The CEO of marketplace lender Funding Circle says the industry is going through a “golden age” despite troubles for platforms like Lending Club this year.
Funding Circle is the UK’s biggest marketplace lender, worth over $1 billion.
The company is a marketplace for small business loans, connecting businesses that want to borrow money with savers and institutions that want to lend money for rates of around 7%.
Funding Circle CEO Samir Desai told Business Insider: “It was certainly a tough first half of the year with various things going on with Lending Club, which caused investors to take another look, and then the stuff with Brexit. But actually, what I’ve always said is I think we’re in this golden age for our industry.”
Lending Club, the biggest marketplace lender in the US, was engulfed in a scandal earlier this year that forced out its CEO and founder after it was discovered that he was falsifying loan data to make them meet buyer criteria. That incident led many investors in the sector to reconsider their exposure.
In the UK, marketplace lenders have had a tough time too. Former top regulator Adair Turner said in February: “The losses which will emerge from peer-to-peer lending over the next five to 10 years will make the bankers look like lending geniuses.”
I think the future is much better than people actually imagine.
So why does Desai think we’re in a golden age? “If you look at the net returns that have been generated by marketplace lending platforms, they have been the highest of any asset class over the last 5 years with the lowest levels of volatility. If you look on the borrower side, borrowers flock in their droves to this kind of customer experience.
“There has been a lot of noise, but if you take a step back — you just have to look at the people joining the industry in terms of the calibre of individuals not just from the tech side but also from the finance side. I think the future is much better than people actually imagine.”
Funding Club made several senior hires from the traditional world of finance in the last year. Chief risk officer Jerome Le Luel joined from Barclays, former Nomura International and EMEA CEO Jeremy Bennett was hired as CFO, former ECB board member Jorg Asmussen joined the company’s board, and so did ex-Lloyds Bank CEO John Eric Daniels.
Desai jumped on the phone to talk to BI about the company’s 2015 accounts, which were filed this week with Companies House.
Here are the key numbers from 2015:
- Loan origination up 132% to £727 million;
- Revenue up 144% to £31.9 million;
- Loss up 114% to £36.9 million;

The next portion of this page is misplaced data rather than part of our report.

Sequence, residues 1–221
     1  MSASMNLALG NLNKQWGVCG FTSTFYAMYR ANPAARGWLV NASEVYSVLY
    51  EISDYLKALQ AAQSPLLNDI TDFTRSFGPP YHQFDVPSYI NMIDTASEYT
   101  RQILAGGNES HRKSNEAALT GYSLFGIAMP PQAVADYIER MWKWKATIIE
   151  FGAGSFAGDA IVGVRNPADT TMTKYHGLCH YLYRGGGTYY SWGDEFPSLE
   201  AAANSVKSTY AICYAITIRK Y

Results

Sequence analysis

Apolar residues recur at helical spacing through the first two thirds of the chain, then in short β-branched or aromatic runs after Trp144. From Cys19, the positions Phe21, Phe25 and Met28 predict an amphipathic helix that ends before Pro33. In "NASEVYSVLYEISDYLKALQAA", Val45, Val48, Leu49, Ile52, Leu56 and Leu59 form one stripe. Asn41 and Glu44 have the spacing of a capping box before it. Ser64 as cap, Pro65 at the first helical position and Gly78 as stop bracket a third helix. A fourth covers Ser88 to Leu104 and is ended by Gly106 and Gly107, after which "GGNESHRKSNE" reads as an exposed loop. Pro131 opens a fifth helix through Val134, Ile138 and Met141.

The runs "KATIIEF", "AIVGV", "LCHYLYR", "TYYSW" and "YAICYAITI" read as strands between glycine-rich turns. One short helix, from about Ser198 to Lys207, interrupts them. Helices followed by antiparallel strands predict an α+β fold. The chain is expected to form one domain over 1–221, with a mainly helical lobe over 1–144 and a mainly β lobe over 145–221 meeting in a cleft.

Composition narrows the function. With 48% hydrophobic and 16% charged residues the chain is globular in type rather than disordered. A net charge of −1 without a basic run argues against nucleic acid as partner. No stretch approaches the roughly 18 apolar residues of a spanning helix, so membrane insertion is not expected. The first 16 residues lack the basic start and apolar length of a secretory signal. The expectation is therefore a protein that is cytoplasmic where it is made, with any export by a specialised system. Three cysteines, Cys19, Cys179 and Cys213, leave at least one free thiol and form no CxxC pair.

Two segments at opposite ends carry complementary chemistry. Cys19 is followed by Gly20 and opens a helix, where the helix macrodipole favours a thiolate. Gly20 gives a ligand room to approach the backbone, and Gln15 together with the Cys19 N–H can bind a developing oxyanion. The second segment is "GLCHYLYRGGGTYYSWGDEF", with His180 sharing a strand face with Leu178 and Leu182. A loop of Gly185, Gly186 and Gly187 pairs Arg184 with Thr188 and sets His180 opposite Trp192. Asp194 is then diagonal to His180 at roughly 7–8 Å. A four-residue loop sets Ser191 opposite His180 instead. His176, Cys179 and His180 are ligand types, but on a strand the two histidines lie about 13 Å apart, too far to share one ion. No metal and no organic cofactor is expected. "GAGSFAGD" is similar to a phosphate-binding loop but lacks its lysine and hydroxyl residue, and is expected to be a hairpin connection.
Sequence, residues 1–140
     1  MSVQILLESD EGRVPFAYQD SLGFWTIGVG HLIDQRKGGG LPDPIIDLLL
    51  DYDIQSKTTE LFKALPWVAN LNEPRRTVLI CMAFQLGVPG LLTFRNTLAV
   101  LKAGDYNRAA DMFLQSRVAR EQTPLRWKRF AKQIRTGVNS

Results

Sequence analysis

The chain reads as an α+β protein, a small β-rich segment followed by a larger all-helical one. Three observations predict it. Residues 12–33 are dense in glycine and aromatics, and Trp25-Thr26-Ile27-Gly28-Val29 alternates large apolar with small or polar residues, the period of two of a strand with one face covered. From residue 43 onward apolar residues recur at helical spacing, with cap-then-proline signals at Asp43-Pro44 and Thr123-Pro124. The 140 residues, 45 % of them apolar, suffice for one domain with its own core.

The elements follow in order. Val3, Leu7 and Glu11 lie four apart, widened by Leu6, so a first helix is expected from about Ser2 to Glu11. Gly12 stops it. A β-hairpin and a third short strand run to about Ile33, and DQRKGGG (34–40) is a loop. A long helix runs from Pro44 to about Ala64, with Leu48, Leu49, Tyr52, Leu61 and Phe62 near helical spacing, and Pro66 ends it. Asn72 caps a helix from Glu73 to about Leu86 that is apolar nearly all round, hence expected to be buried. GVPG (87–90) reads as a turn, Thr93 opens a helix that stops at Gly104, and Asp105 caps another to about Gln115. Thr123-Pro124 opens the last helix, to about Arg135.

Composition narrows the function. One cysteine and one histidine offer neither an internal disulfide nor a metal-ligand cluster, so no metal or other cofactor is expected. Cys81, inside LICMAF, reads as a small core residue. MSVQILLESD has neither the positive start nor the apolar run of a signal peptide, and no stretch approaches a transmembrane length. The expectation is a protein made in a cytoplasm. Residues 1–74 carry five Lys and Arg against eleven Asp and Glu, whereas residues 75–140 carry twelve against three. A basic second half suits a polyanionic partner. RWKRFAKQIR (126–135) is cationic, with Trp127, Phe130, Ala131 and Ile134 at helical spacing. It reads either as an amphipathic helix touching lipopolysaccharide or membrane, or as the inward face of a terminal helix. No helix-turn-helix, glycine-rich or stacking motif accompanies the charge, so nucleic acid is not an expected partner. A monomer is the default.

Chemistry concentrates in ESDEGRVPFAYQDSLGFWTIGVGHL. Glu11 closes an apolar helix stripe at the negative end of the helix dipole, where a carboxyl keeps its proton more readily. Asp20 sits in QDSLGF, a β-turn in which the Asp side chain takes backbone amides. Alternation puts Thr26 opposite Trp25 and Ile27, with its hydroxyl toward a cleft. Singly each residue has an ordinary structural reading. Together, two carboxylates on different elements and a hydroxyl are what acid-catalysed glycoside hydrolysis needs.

- Loss margin reduced from 132% to 116%.
Desai told BI: “We were pleased with the performance, it was in line with the targets we set at the beginning of the year. We were investing substantially in technology and new overseas businesses.”
Funding Circle acquired Zencap last year, a deal that took the peer-to-peer lending platform into Germany, Spain, and the Netherlands.
Desai says: “Despite the fact we invested a lot in the business we managed to grow revenues faster than net cash usage. We’re very focused on the long term. Our UK business we expect to be cashflow positive in Q4 of this year and also cover all sterling global costs, which is positive. But we still expect to invest heavily in our new markets, which we think presents an opportunity at least 8X as big as the UK.”
As a result, Funding Circle doesn’t expect to make a profit this year. As I pointed out recently, the UK’s two biggest marketplace lenders — Funding Circle and Zopa — have lost a combined £50 million over the last decade and Funding Circle has yet to make a profit.
But Desai says: “The way to really look at it is what is the overall trajectory of each market. We’re not particularly focused on it [profitability], we’ve raised a lot of capital, we’re much more focused on each market and making sure we’re making progress year-on-year.”
Funding Circle raised £97 million in April last year, taking its total funding to over £200 million.
The company is keen to enter new markets but Desai is tight-lipped lipped on which ones. “We’re still focused on expansion but I can’t say where,” he says. “We certainly have an ambition to keep expanding into new markets.”
Le Luel, Funding Circle’s chief risk officer, recently shared the fact that the company dialled back loan volumes in the US after loan performance went off track. Desai downplayed the significance of this, saying it demonstrates proactive action from Funding Circle rather than a problem with the model.
Desai says: “I wouldn’t call it a hiccup. These things are things that we would expect to happen in the early days of different markets.
“It’s very important for us as a business that does not hold inventory to make sure that our customers get a very good experience. That includes borrowers and investors. Investors need to know that if we spot signs of underperformance in a portfolio, we will take aggressive action to tighten. We will take the hit to our own profitability, our P&L, in terms of servicing and origination to ensure that investors are protected.
“We spotted some signs of underperformance of the Q1 2015 cohort in the US, which represented about 10% of loans, we tightened up origination until we understood what was going on. In the event, it was probably an overreaction. If you look at the overall portfolio for 2015, it’s delivering a net return of about 8% a year, which is actually higher than the UK. The UK is very stable, it has been at about 7% a year.
“There are periods where we will bring down origination if we’re not happy about things, that’s a key part of our business model.”
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